How to build successful products in a digital world

Creating something people actually want and use

Nikkel Blaase
8 min readOct 11, 2015

Great digital products don’t suddenly appear out of nowhere. In fact, they are sophisticated artifacts that have successfully grown into great products after a careful product discovery process. They are delightful experiences, easy to use, and beautiful to look at, providing outstanding value to its users.

“Building a great product is an art as much as a science.” — Paul Adams

The vast majority of products fail during the discovery process or shortly after launch. Either they fail at providing a meaningful user value, people do not use them frequently or the number of users does not grow properly. Few products will serve the market: Meaningful products that have mainstream attention, innovative solutions no one imagined before, causing a change in people’s behavior. These are the products we commonly know, admire, and remember. These are the products we want to build.

The idealised 3 strategic product development cycles.

What it means to build great products

To build successful products we need to focus on the things that matter most: On a real problem people have and that is considered worth solving — the problem-solution fit —, on a market demanding the offered solution — the product-market fit — and on scaling the product into mass market — the distribution-conversion fit. We want to build economically viable and technically feasible product innovations that people care about.

Understanding the opportunity

Brand new products usually originate from business opportunities. In order to identify and thoroughly understand the opportunity, the basic conditions need to be clarified first: “Why are we doing this?” — “What is the current situation?”, — “What do we intend to change?” — “Which impact do we expect?”, — “Which constraints do we have to consider?”.

When, for instance, bicycle sales in the US dropped significantly, IDEO cooperated with Shimano, a Japanese manufacturer of bicycle components. To identify the opportunity they started to learn why 90% of American adults did not ride bikes anymore, even if they enjoyed it as kids. After interviewing American adults the project team discovered that the excessive costs of purchasing and maintaining a sophisticated machine ridden only on weekends and the danger of cycling on roads not designed for bicycles deterred the consumers (“Change by Design”, by Tim Brown). In the end, the real opportunity here was to tackle these discovered pains by design, and not by building even better bicycle components.

Finding Problem-Solution Fit

Steps, complexity, and timeline of the problem-solution exploration.

Once we deeply understand the business opportunity we need to explore the problem-solution space to find out what to build. The main objective is to find a problem worth solving for a specific customer segment and to provide a proper solution, that has an impact on the customers’ lives. To make sure the solution is an enjoyable experience people love and use frequently, people need to be put at the center of the problem-solving exploration. Thereby, the risk of building something nobody wants can be reduced.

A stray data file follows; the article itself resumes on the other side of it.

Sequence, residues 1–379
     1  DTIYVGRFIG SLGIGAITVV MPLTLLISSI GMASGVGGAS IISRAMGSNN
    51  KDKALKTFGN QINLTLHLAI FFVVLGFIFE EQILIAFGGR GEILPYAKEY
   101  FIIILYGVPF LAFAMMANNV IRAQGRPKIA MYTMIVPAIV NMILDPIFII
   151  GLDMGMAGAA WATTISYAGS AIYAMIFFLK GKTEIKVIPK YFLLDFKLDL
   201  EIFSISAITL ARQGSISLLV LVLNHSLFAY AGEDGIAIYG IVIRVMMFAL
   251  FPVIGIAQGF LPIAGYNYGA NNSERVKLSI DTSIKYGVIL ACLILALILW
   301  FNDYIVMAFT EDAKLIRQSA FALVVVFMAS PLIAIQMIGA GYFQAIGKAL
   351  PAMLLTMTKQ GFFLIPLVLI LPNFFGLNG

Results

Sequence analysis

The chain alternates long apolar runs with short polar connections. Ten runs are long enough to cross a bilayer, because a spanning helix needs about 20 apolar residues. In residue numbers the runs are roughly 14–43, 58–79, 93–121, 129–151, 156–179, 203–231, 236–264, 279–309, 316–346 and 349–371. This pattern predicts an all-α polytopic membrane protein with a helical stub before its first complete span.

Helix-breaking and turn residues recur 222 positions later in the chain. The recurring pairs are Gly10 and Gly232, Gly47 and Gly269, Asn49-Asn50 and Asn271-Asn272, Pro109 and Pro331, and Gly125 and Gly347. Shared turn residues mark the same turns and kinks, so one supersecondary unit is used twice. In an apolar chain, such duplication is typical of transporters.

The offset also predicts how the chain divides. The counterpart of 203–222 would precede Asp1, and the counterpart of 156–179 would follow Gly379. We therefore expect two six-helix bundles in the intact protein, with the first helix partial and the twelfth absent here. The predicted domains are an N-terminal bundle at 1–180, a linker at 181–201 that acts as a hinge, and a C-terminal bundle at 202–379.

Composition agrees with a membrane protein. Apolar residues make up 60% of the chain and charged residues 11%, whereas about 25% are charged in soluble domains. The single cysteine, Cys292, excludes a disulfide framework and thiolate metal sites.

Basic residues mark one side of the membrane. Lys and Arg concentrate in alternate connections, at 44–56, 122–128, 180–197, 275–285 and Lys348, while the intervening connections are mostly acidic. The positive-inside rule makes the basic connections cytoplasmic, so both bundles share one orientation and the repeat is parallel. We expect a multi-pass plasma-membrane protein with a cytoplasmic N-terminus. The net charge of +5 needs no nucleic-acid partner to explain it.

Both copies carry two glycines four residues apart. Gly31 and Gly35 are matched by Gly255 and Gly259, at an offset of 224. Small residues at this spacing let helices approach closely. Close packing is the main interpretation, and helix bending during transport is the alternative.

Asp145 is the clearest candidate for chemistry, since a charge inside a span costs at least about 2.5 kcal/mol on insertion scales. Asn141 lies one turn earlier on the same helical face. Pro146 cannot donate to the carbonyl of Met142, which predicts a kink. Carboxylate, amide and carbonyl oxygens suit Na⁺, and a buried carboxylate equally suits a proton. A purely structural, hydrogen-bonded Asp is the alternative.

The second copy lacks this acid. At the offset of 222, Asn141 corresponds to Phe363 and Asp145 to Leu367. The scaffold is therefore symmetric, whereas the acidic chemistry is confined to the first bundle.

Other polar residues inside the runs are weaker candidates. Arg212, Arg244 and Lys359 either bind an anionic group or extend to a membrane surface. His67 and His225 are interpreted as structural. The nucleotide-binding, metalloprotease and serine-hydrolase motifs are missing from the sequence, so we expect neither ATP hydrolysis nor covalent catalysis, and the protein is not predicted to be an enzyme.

“Making products for your customers is far more efficient than finding customers for your products” — Seth Godin

To assure for a real impact on the project’s desired outcome we have to identify the target customer segment. They make up the most important variable within the project. Gaining empathy with the project’s target customer segment and truly understanding them will help making decisions based on findings — not assumptions.

Finding a problem worth solving

Finding a problem this customer segment has and is widely considered worth solving is crucial for the success of the discovery. By translating user feedback and observations into insights, we learn about their current experiences, pains, gains, needs, wants, desires and jobs they are trying to do. By this, in short, an existing problem can be uncovered. If we discover a problem we did not expect in the first place we must embrace and value it as an insight, ideally leading to a disruptive product innovation that has a real impact on peoples’ lives and, in turn, on the project’s outcome.

“Embrace unexpected discoveries”

By defining the problem the product is going to solve, the question “why do we build this product?” is answered. The answer defines the product vision. It gives the business opportunity meaning as it tackles real user needs. To find out if we are really solving the right problem for the target customers we need to test the user problem with a proper solution. In doing so, the problem-solution fit can be qualitatively validated.

Exploring a proper solution means creating a strategy how the problem will be solved. Based on both user insights and problem assumptions the possibilities can be narrowed down to the most promising and feasible solution. While testing the strategy, peoples’ interest in the product can be measured. From user feedback we should learn if there is any chance the product provides any value for the users. This helps to iterate on strategy, solution & value proposition to build the next iteration.

If we have built something of a certain value we need to test the product on the market with real data, because what people say they want does not necessarily equal what they really want and pursue. This is why the product-market fit is the next critical part in the product discovery process.